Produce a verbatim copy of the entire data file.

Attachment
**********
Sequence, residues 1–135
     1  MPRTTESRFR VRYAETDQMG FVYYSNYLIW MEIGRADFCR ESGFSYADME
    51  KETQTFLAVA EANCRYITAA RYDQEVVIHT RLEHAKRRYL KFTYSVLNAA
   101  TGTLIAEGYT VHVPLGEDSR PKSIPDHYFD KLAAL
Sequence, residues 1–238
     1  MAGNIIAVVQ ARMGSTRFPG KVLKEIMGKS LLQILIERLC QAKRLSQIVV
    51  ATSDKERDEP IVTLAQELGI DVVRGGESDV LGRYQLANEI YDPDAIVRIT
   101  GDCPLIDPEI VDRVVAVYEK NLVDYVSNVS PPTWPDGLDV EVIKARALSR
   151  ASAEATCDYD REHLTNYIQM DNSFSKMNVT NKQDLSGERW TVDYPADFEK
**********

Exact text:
Sequence, residues 1–135
     1  MPRTTESRFR VRYAETDQMG FVYYSNYLIW MEIGRADFCR ESGFSYADME
    51  KETQTFLAVA EANCRYITAA RYDQEVVIHT RLEHAKRRYL KFTYSVLNAA
   101  TGTLIAEGYT VHVPLGEDSR PKSIPDHYFD KLAAL
Sequence, residues 1–238
     1  MAGNIIAVVQ ARMGSTRFPG KVLKEIMGKS LLQILIERLC QAKRLSQIVV
    51  ATSDKERDEP IVTLAQELGI DVVRGGESDV LGRYQLANEI YDPDAIVRIT
   101  GDCPLIDPEI VDRVVAVYEK NLVDYVSNVS PPTWPDGLDV EVIKARALSR
   151  ASAEATCDYD REHLTNYIQM DNSFSKMNVT NKQDLSGERW TVDYPADFEK